Háj Muhammad-Ibráhim Vá’iz-i-Quazvini passed away on the eve of 26-6-18 at Qazvin. He had suffered long hardships for the Cause
and although he was blind spent all his time in Bahá’i activity. A memorial for him was held in Tihran.
Mirzá Asliaq-i-Tlaqiqi, one of the early Bahá’is, who in recent times was caretaker of the land of the Tihran Mashriqu’l-Adhkár
(Uadiqih and Ihtisábiyyih), passed away on Mashiyyat
The Guardian wrote of his many virtues and important services, and of
the reward awaiting him, and sent words of consolation to his widow.
Mirzá ‘Ali-Akbar-i-Milani, son of the well-known Iláj Ahmad-i-Miláni, passed in Milan, Adhirbáyján, in Mihr 1318.
Rabmat ‘Alá’i passed away on the eve of Qawl 11, 96 (11-9-18) in Tihran. The
Guardian telegraphed: “My heart grieves over the passing of beloved ‘Ala’i, faithful, worthy champion of the great Cause. I pray
earnestly in his memory. His services are imperishable. Assure his family of my heartfelt sympathy.”
He was laid to rest in the new Baha’i cemetery, a great number of Bahá’is and leading non-Baha’is being present, and a fitting
memorial was held.1
Háj Qulfm-Ridá Amin-Amin passed away on the eve of Masi’il 12, 96 (Daymah 1, 1318). An almost countless multitude of people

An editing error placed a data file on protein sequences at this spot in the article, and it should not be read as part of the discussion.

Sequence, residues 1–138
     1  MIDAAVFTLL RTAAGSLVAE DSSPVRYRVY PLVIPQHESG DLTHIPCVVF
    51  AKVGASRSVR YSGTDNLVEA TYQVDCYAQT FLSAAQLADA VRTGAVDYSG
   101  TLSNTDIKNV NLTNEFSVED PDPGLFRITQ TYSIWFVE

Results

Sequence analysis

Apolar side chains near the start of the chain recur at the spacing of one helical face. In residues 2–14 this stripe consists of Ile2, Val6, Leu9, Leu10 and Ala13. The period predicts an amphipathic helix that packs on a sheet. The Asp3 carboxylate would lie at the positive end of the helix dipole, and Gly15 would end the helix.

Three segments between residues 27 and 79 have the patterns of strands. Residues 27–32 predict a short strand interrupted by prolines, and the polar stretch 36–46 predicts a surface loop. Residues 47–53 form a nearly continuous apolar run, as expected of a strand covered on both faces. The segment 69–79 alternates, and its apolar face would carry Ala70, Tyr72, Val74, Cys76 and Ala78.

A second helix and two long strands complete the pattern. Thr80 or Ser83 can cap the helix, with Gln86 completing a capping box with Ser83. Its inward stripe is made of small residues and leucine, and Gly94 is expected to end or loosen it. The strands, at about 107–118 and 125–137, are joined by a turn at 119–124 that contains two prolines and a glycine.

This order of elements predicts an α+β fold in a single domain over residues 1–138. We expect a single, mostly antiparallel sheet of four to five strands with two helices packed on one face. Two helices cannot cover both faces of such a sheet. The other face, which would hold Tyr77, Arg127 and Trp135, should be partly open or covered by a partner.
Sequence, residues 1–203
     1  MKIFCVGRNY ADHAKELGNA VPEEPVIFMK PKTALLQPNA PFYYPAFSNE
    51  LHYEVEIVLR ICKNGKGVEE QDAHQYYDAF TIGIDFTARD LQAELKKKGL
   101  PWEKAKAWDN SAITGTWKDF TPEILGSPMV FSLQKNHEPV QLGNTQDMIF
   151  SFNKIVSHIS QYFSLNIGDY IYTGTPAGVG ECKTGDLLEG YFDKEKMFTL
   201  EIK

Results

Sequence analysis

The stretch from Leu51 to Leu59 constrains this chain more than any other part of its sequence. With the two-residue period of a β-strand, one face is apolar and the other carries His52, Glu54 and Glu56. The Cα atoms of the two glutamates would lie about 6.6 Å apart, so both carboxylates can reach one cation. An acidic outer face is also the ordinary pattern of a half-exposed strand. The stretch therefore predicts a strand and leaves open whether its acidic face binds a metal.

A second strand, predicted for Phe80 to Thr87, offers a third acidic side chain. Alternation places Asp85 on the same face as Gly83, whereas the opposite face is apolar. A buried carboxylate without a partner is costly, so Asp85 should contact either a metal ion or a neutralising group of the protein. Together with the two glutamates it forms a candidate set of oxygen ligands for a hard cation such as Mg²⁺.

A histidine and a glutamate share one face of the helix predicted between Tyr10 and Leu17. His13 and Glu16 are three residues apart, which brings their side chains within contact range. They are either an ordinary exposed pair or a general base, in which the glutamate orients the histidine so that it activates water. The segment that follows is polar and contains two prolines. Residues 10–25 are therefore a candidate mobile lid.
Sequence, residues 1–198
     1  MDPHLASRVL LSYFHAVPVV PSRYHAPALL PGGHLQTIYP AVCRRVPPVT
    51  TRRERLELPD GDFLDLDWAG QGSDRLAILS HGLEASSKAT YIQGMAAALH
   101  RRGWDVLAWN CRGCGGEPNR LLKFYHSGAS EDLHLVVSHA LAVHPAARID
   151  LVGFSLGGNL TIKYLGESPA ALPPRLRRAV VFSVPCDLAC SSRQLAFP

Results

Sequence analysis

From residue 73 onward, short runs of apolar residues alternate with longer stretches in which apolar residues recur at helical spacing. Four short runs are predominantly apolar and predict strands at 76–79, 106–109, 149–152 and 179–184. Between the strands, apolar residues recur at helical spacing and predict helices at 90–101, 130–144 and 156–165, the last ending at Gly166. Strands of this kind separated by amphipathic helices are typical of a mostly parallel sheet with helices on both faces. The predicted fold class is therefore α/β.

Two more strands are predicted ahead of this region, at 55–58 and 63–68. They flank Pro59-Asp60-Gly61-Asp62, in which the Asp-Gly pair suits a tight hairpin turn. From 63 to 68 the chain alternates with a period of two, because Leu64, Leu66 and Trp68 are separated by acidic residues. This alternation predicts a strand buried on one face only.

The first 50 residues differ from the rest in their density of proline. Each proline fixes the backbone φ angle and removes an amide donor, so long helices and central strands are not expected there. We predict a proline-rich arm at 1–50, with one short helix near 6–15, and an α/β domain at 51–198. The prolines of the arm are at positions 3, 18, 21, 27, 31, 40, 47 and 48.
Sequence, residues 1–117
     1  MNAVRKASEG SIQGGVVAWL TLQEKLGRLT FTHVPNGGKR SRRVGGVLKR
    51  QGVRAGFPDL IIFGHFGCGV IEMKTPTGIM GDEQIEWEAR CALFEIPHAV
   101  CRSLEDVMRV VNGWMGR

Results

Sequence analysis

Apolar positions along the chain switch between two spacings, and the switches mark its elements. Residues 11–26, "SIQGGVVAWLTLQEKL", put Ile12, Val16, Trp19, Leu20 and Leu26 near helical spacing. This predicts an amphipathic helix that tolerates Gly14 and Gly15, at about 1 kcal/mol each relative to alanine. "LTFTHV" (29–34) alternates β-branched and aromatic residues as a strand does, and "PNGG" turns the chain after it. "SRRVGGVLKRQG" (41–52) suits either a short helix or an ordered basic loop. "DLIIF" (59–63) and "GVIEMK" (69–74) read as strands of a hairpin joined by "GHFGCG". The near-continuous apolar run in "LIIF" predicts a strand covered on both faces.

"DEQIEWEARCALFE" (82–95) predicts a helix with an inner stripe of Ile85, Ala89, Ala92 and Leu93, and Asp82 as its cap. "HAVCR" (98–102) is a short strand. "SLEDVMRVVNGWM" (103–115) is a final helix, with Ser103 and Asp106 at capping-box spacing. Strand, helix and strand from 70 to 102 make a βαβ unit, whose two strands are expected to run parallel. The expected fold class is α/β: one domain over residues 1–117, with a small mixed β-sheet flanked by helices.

followed his cortege to the Bahá’i cemetery. No such funeral had been seen in Tibran before; observers were astonished at the great
crowds, the dignity and spirituahty of the occasion. A memorial was then held at the home of the departed, visitors coming and going
from early morning till late at night.
The Guardian telegraphed: “Hearts are grieving for loss of the emblem of firmness, the upright man, the strong pillar of the
community of Bahá, and its servant and trusted one and the keeper of its state and the upholder of its flag, whom God has raised to a
station which the hearts of the pure do vehemently yearn for, in the Abha paradise. May God inspire his relatives and helpers and
lovers in that glorious land with seemly patience, and assist them to follow in his footsteps and walk in his way. I truly join you in
their grief and beg for the departed one every good in every world of God’s worlds.
Memorials were held for this departed one throughout Iran. Regarding his successor as custodian of the uqflq, the Guardian sent two